Love It. Fear It. Smear It.

The Case for Rescuing Schmaltz From Culinary Oblivion

By Lenore Skenazy

Published May 01, 2012.
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You walk into the restaurant, and there, at the center of each table, is a help-yourself container of cocaine. Well, Jewish cocaine.

Pure Gold: Schmaltz was once a treasured part of our cuisine. Then life became one big fitness craze.
Ezra Glinter
Pure Gold: Schmaltz was once a treasured part of our cuisine. Then life became one big fitness craze.

Schmaltz.

“People get a little confused,” explained David Zimmerman, owner of the uber-Jewish eatery Sammy’s Roumanian Steak House, on New York City’s Lower East Side. That is, diners understand the bowl of pickles and the basket of rye bread. Homey. Nice. But they are confused by the fact that next to these wholesome items, there seems to be, in full public view, an entire pancake syrup jar full of yellow, pourable chicken fat — a food so fraught with anxiety, joy and just plain shock value, it should come with a tablet of Xanax. (And, of course, some stents.)

Instead, all it comes with is that confounding gift: freedom. Patrons are free to slather it on the rye or stir it into their mashed potatoes. Heck, they can mix it with their vodka — which some do.

“They think it’s orange juice,” Zimmerman said, chuckling. Generally those are the younger patrons, or the non-Jewish ones. They’re about to gulp down their screwdriver when they realize: “What the…? The two liquids aren’t mixing.” “Then they say, ‘This doesn’t look too good,’” said Zimmerman, who encourages them to drink it anyway, because why waste good schmaltz?

That would be a shande. A scandal, kids, a scandal. In the olden days — the days before people were expected to read labels, blanch kale and use dumbbells for exercise instead of as a label for their sons-in-law — schmaltz was golden. (Well, it still is. But “golden” in a more metaphoric sense.) “My mother used to make it,” recalled Marilyn Meltzer, a retired telephone company employee in Boston. “The house smelled wonderful when she made the gribenes” — little pieces of chicken skin and onions fried up in that savory fat. Meltzer’s mom, like most yidishe mames of an earlier era, rendered her own chicken fat and saved it, sometimes for months, in coffee cans. Then the family used it like butter, scooping it onto bread for sandwiches, or frying in it, or even baking with it. But because it wasn’t made with milk, you could eat it with a meat meal and still be kosher. “My mother used to bake pies, and her apple pies were, I swear to God, so good, my sister and I fought over them. So she used to make one for each of us,” Meltzer said.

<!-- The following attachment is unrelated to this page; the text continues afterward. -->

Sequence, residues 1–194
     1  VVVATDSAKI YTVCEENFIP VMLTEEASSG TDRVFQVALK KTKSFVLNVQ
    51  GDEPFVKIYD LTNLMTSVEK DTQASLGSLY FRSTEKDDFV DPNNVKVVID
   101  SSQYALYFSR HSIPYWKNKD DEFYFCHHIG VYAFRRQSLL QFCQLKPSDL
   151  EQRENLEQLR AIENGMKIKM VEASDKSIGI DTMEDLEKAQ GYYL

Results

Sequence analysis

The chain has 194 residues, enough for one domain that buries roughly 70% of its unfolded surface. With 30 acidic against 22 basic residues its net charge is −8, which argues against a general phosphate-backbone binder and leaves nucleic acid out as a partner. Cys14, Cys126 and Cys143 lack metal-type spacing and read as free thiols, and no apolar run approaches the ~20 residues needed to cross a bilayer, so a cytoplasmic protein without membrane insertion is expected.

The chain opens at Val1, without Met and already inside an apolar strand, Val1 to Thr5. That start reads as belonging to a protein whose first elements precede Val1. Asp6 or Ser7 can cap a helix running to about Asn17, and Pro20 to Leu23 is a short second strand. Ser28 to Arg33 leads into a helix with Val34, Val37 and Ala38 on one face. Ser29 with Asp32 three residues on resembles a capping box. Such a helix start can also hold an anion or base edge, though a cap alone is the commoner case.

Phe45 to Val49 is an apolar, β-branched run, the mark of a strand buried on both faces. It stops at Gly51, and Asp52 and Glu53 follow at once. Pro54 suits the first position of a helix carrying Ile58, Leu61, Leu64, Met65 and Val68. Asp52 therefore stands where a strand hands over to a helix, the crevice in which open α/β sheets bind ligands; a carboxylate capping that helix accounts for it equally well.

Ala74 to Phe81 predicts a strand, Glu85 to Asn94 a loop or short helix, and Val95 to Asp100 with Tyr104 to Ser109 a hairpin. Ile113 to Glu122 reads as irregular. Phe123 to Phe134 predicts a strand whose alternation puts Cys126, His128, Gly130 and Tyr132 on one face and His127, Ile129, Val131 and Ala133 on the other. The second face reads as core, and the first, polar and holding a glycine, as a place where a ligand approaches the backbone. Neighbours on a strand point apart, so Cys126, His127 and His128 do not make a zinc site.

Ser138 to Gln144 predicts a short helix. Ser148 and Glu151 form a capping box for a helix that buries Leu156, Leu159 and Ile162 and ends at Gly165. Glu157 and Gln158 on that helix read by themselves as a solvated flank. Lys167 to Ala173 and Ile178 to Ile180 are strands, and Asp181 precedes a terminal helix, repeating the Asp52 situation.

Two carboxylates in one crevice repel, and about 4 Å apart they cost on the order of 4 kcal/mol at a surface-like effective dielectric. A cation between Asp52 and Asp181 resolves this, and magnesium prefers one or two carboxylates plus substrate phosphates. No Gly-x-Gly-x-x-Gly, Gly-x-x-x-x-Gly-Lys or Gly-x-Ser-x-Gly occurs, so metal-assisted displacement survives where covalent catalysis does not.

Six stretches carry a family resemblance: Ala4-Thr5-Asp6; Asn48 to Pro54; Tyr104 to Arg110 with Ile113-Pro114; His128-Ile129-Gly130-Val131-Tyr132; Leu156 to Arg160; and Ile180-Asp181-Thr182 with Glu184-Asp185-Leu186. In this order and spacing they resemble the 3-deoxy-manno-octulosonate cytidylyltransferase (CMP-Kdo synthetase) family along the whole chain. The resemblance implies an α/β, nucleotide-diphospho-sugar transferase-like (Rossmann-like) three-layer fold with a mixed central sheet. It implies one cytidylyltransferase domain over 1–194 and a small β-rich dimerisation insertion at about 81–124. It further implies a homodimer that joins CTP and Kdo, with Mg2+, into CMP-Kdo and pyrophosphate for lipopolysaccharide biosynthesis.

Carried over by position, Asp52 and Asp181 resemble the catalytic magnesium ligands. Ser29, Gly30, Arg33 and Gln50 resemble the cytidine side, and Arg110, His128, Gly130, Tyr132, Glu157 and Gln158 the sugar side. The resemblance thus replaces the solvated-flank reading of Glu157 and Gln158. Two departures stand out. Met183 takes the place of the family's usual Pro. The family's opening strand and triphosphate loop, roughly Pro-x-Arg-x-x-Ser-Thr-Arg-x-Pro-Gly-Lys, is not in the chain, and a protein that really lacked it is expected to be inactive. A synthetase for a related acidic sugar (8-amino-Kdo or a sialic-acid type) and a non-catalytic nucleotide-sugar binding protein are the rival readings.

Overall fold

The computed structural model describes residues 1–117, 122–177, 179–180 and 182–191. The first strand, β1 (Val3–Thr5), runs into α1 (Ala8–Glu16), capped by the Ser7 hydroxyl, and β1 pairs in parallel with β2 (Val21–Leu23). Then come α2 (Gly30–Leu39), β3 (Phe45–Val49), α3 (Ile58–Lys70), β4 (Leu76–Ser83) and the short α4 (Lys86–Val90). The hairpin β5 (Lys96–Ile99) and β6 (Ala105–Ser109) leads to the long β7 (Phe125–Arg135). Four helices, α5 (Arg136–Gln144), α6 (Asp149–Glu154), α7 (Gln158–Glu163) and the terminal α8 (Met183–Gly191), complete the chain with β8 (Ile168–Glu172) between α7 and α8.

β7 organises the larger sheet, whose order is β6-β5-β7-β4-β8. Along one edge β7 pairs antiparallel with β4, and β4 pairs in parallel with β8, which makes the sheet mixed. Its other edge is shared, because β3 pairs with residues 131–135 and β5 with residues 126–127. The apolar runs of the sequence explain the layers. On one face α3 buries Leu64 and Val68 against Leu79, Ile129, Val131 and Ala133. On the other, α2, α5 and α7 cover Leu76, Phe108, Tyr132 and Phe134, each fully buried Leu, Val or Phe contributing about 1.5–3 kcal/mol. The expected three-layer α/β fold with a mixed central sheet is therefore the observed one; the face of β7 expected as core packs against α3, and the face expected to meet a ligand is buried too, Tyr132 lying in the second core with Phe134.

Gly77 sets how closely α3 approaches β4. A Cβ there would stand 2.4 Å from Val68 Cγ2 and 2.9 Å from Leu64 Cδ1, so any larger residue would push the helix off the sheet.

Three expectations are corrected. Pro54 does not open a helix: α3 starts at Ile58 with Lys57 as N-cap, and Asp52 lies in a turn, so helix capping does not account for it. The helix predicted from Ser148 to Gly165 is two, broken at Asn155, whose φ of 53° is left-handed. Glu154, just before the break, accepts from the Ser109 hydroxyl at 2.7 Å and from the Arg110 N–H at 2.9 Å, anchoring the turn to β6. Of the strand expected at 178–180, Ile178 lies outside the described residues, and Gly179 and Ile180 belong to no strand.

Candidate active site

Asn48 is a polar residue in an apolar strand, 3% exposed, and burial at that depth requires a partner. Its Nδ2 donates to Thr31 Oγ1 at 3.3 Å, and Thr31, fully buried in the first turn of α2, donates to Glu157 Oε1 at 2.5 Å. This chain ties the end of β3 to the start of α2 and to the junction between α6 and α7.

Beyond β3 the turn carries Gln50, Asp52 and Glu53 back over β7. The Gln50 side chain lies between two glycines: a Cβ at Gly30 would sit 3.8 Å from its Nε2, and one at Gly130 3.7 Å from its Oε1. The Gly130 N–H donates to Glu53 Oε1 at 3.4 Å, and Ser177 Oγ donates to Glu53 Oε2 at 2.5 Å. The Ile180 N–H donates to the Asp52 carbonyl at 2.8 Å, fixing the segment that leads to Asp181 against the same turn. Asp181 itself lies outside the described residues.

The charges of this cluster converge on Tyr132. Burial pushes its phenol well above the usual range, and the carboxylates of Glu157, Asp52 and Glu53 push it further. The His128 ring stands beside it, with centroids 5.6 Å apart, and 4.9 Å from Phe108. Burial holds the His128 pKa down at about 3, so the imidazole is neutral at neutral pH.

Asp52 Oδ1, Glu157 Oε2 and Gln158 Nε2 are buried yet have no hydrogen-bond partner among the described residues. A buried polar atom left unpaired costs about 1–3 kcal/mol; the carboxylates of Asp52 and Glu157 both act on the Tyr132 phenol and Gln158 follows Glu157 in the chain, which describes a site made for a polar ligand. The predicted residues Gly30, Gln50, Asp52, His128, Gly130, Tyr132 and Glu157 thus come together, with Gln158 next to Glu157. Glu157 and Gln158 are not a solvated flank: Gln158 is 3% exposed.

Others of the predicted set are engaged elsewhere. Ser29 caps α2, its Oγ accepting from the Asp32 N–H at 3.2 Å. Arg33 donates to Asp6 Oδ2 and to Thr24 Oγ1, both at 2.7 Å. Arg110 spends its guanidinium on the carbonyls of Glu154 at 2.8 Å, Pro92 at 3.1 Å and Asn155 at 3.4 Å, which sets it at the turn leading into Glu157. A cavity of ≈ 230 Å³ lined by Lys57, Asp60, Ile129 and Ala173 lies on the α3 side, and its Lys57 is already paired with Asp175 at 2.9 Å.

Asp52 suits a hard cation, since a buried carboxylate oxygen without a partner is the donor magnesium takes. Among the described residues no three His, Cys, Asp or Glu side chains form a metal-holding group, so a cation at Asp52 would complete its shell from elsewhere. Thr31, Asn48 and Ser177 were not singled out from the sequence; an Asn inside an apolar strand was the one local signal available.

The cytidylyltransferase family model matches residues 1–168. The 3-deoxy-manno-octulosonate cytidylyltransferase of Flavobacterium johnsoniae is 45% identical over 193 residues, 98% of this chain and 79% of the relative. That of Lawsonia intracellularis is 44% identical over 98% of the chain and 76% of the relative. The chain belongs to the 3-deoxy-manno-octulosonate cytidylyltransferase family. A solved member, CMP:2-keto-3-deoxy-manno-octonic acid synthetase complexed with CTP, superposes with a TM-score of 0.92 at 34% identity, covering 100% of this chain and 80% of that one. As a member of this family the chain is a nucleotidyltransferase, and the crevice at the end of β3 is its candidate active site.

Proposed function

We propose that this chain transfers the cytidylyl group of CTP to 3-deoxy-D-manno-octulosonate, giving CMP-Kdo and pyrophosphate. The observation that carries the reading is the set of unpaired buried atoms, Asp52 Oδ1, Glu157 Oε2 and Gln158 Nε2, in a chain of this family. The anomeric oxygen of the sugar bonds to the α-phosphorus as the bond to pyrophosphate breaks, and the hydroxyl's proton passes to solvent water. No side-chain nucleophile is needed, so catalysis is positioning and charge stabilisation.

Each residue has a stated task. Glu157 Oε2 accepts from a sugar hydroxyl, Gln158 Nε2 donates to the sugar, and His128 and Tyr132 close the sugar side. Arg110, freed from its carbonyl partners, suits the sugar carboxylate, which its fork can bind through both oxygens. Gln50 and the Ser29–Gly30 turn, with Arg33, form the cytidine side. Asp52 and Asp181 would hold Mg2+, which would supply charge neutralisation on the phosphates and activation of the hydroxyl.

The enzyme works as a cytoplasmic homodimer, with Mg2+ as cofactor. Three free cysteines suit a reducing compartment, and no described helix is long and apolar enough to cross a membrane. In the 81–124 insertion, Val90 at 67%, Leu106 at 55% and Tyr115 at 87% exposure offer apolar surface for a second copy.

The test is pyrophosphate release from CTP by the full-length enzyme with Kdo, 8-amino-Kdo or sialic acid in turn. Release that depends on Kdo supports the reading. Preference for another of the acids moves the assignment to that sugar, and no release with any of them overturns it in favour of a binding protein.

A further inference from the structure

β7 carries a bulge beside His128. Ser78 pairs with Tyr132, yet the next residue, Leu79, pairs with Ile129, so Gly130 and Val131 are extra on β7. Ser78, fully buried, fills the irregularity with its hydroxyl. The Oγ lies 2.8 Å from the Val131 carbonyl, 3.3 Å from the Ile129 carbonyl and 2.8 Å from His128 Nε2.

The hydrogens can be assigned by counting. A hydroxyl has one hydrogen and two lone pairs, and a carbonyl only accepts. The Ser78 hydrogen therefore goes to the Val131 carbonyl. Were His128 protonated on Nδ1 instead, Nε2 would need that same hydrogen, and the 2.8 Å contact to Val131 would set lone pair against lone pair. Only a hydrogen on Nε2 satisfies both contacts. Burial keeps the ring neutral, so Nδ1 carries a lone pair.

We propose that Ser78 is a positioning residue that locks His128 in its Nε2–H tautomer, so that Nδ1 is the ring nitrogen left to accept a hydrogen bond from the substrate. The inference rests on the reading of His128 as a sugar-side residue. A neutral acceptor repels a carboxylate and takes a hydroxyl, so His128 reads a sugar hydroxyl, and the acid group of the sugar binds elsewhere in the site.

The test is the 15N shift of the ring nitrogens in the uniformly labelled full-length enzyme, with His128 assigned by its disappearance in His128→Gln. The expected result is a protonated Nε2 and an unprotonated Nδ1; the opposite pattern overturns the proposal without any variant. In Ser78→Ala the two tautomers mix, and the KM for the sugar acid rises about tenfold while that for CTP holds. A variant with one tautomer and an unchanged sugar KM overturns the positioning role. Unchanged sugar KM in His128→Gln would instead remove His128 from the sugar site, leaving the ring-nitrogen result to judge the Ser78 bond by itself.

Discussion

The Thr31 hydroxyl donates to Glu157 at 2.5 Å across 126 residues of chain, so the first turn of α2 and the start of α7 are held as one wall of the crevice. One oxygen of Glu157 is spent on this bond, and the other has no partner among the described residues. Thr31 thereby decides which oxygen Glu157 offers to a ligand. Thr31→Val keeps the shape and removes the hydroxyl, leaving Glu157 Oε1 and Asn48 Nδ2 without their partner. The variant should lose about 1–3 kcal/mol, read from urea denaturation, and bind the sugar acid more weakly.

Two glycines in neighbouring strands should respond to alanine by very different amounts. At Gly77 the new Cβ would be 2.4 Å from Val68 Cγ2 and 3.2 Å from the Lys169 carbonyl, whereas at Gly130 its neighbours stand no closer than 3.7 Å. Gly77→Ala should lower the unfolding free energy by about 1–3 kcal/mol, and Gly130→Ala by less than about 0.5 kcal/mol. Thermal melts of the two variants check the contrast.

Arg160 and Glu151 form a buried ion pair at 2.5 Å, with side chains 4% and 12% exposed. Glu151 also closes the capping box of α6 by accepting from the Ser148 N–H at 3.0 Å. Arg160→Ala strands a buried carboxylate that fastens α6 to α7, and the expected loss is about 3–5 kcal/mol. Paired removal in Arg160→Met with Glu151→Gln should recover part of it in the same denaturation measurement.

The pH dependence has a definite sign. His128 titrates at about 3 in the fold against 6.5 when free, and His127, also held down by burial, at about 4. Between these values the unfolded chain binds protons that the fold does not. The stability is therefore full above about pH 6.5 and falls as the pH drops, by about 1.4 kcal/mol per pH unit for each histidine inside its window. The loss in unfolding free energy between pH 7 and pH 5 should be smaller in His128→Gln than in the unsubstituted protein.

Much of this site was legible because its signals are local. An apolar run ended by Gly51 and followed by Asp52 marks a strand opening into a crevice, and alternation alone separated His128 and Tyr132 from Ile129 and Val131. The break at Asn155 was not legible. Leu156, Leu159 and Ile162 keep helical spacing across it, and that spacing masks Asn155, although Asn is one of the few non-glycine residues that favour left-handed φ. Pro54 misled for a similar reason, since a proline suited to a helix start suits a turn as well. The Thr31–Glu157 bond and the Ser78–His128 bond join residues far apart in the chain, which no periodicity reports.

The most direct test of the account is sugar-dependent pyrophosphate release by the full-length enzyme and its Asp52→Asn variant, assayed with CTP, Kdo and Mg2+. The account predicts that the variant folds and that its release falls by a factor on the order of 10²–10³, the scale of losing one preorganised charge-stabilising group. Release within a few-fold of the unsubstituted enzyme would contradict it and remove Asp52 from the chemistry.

That kind of glorious excess is what most people remember about schmaltz — the love that went into it, the smells that surrounded it and, especially, the innocence that allowed everyone to revel in it. Remember when Coca-Cola had real cocaine in it?

Of course you don’t. It’s been about 100 years. But that’s the closest analogy. It was fun (and, to a certain extent, deadly) while it lasted. And then, poof! Everything changed. Life became one big spinning class, with us forever pedaling toward that elusive place called “Health,” also called, “Constant Guilt About Everything Except Quinoa.”

Today, “everybody agonizes,” said Carol Klenfner, erstwhile publicist for everyone from the Rolling Stones to The Who. “So, as I’ve told my kids, don’t over-think it.” If it feels good, eat it — and that includes eating Klenfner’s potato-fried-onion casserole (Aunt Helen’s recipe), made with copious quantities of schmaltz. “Everyone raves about it and complains: ‘Oh, my God! I can’t believe how much I’ve eaten!’” They feel bad about feeling good. Klenfner just rolls her eyes.

Another schmaltz stalwart, genealogist Janice Sellers, points out that “every time you turn around, a new study shows something is bad and then they come back and say it wasn’t so bad, after all.” So the Californian fries her quesadillas in schmaltz. “They get super crispy!”

Cynthia Flash Hemphill still keeps a jar of chicken fat in the freezer. She uses it to make her matzo balls — a trick the West Coast mom of two learned not from her bubbe, but from “a TV chef in Seattle.”

And yet, these women are few and far between. Schmaltz, once so integral to the Ashkenazi experience, has become a toxic artifact from an unenlightened era, like toy soldiers made of lead. “We were doing ‘A Day in the Shtetl,’” said Audrey Berman, a grants specialist, remembering a Sunday school activity she organized in Lincoln, Neb., a few years ago. While the girls in the group were willing to wear babushkas, and most of the kids were game to drink tea sweetened with jelly, when Berman started to explain, “Now we’re going to spread this on our bread” and they saw what “this” was, they clamped their mouths shut. “We wanted them to know: This is schmaltz!” Berman said. And the kids wanted to know: When can we leave the shtetl?

Which is what we all have done, leaving the schmaltz behind. It belongs to an age less concerned with cholesterol and more concerned with making a slice of bread into a meal. What looks to us like a heart attack in a jar once made gloomy lives a lot brighter. Now and then, if you’re willing to walk on the wild side, it can do the same for you.

Lenore Skenazy is the author of the book “Free-Range Kids” (Wiley, 2010) and the founder of a blog of the same name.


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